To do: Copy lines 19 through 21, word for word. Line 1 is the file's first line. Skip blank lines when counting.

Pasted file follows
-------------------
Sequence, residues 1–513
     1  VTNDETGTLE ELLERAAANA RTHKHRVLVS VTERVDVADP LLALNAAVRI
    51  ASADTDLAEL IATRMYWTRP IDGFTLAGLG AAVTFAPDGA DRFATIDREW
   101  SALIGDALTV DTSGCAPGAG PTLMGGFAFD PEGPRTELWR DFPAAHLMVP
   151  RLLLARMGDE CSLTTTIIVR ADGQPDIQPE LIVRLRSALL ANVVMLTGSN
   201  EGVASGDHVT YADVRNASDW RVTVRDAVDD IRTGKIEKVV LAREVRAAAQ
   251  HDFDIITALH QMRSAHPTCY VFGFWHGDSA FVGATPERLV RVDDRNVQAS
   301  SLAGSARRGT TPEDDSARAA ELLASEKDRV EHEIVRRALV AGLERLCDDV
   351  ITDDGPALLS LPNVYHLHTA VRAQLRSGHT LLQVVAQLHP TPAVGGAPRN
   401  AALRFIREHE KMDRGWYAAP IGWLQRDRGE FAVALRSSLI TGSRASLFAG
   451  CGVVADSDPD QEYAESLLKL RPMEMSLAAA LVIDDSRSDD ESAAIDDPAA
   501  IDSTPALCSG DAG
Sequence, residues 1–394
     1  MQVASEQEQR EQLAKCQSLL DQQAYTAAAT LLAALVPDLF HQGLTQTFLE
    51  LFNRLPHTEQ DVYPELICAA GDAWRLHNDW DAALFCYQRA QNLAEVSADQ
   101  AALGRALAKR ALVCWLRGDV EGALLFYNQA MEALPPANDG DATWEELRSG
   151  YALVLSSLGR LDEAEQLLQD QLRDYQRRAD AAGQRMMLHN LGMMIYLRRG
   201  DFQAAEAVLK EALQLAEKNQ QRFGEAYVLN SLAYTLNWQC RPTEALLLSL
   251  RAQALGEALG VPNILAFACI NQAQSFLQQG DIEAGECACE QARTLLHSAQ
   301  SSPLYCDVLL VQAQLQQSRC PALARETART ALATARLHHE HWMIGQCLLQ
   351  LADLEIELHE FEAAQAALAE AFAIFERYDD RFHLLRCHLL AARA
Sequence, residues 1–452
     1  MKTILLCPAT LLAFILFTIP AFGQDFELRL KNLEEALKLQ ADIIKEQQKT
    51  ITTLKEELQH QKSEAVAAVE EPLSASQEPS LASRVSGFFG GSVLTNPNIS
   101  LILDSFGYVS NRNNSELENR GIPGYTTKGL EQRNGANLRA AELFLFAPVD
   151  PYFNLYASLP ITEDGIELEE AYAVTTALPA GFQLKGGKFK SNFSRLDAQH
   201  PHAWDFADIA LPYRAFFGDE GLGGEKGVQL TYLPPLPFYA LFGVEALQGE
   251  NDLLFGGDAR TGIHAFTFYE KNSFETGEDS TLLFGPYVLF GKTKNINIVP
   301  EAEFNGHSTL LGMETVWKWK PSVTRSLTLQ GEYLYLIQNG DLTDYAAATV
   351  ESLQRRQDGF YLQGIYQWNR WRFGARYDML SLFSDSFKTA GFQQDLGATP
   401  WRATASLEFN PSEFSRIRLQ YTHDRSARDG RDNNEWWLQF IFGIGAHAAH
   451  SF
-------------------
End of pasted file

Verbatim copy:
   251  RAQALGEALG VPNILAFACI NQAQSFLQQG DIEAGECACE QARTLLHSAQ
   301  SSPLYCDVLL VQAQLQQSRC PALARETART ALATARLHHE HWMIGQCLLQ
   351  LADLEIELHE FEAAQAALAE AFAIFERYDD RFHLLRCHLL AARA